A Reef-Building Soft Coral

Heliopora is an octocoral (mostly soft, non-reef building) however it is hermatypic, meaning that it is a reef builder. This genus is unique in that the skeleton has a blue coloration derived from the iron salts in its fibrous aragonite matrix.

This species can be traced back more than 120 million years to the Cretaceous Era and has remained mostly unchanged since. It was only in 2018 that the first records of a second species of Heliopora (H. hiberniana) was described, and only from 3 locations in Western Australia. But even then, it was hypothesized that this cryptic species could be more widespread.

Heliopora hiberniana
Heliopora hiberniana, Leon Haines

Whilst working on coral nurseries in the Maldives, Conservation Diver Board Member and head of Conservation Diver Indonesia, Leon Haines noticed a Heliopora colony that did not match any seen in the guide books.

After a quick online search, he stumbled upon the newly described species and contacted the scientists with a photo to confirm his suspicions. Indeed, it was a colony of H. hiberniana over 6000 km from the area it was originally described to science!

After his time in the Maldives, Leon returned to Indonesia where he subsequently noticed H. hiberniana to actually be one of the most common reef-building corals in the Gili Islands! After working with other researchers, he published the first record of H. hiberniana outside of Australia, this time both in the Baa Atoll, Maldives, and the Gili Islands of Indonesia.

Heliopora on Future Reefs

This is a significant find, as in the future, non-scleractinian hermatypic corals may be forced to play a more prominent role in sustaining the structure of coral reefs around the globe.

These octocorals seem to be less susceptible to warming climates and coral bleaching events and may provide an alternative structure to the historic hard coral species which built them. These records are also vital to tracking the effects of climate change as the historic home ranges of various species are altered due to changing ocean conditions and can help us to predict where conservation and protection efforts will be the most effective.

We extend our sincerest congratulations to Leon for this publication and are excited to see how we can contribute to the development of the understanding of this species in the future.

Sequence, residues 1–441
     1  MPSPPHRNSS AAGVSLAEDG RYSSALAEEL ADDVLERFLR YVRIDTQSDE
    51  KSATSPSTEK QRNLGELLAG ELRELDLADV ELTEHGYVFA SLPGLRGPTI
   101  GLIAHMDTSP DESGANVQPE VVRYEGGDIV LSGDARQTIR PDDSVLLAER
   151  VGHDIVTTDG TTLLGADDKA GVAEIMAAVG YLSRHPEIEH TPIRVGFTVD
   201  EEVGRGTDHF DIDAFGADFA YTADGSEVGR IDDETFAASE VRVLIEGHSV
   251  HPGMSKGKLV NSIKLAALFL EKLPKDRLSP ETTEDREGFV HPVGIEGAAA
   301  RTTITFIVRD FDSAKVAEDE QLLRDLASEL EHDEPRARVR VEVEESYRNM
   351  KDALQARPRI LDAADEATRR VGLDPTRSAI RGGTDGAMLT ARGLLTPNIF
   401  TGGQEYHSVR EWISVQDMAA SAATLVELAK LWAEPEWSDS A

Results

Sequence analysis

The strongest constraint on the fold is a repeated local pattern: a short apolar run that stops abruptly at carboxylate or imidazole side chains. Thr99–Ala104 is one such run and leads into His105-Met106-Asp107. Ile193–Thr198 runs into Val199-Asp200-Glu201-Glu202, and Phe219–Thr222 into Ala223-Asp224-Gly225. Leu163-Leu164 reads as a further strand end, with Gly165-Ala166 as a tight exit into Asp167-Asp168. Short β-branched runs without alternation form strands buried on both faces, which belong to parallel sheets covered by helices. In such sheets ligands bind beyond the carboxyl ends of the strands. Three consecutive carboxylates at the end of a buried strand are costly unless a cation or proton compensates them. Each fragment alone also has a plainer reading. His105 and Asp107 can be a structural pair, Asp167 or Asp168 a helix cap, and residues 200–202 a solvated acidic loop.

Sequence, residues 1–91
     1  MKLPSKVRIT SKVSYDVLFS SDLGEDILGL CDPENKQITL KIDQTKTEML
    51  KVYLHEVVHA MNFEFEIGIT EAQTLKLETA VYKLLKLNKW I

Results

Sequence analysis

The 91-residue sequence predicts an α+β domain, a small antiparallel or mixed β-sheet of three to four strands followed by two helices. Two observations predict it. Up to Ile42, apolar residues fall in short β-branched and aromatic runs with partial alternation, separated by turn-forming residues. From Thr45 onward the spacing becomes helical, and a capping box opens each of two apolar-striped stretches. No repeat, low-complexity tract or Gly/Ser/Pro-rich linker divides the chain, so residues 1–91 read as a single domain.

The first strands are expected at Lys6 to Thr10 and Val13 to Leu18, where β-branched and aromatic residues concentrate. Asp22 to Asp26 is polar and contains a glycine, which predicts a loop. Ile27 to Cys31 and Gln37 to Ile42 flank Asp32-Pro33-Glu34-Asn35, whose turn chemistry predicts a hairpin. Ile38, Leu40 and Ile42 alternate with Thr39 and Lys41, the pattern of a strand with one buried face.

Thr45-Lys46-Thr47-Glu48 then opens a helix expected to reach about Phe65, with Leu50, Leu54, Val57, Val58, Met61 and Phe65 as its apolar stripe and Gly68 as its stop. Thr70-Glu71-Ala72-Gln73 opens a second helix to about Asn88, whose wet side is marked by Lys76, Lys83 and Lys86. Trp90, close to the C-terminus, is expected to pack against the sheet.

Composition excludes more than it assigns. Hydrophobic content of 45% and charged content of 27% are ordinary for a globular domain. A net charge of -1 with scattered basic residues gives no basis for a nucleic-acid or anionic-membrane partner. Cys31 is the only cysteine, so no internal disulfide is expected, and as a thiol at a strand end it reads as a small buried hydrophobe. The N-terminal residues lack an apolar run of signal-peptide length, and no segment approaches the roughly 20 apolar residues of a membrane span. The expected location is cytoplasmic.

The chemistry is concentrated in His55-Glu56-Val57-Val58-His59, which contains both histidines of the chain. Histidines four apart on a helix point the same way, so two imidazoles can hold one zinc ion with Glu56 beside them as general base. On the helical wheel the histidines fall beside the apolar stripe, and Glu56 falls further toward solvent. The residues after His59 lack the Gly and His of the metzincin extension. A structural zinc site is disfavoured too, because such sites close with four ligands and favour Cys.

Read the full paper here

Mineral Accretion Technology

Mineral Accretion Technology Basics & Techniques

The Mineral Accretion Technology Basics & Techniques Course is designed to give students an introduction to the impacts of climate change on coral reefs around the planet, and also on tools that can be used to protect corals in the face of bleaching events.  The course teaches students the basics of ocean chemistry, sea water electrolysis, and the construction/maintenance of low-voltage mineral accretion devices.


  • Be 12 years of age or older
  • Be certified as an Advanced diver under a leading diving organization (PADI, SSI, RAID, etc) or an Open Water diver who has satisfactorily completed a buoyancy appraisal with a professional diver
  • Demonstrate proper diving ability at an advanced Level and be proficient in buoyancy and self-awareness
  • Be certified in our Ecological Monitoring Program and the Artificial Reef Theory and Techniques courses


  • Understand the global effects of climate change on coral reefs
  • Understand various techniques utilized by reef managers to manage reefs in the face of climate change
  • Learn about ocean chemistry and the relationship between ocean pH and reef growth
  • Learn about low voltage sea water electrolysis, and the benefits such technology can have for coral restoration and protection projects
  • Learn how to construct and maintain a mineral accretion device
  • Practice coral restoration and site maintenancen at a mineral accretion device artificial reef


  • Attend the lecture on climate change impacts to coral reefs, and mineral accretion devices
  • Visit a mineral accretion device for data collection, monitoring, and maintenance
  • Complete and pass the written exam

Expected course time about 9 hours

Certification Card

Training Centers

George Bevan

George is a Conservation Diver instructor and board member, he is also the owner of Azul Conservation in Nicaragua

Leon Haines

Leon Haines is a Conservation Diver Instructor and the director of Conservation Diver Indonesia at Blue Marlin Gili Air

Kirsty Magson

Kirsty is certified to teach all of the courses offered by Conservation Diver. Kirsty has been a Conservation Diver Trainer since 2015, and offers courses in English.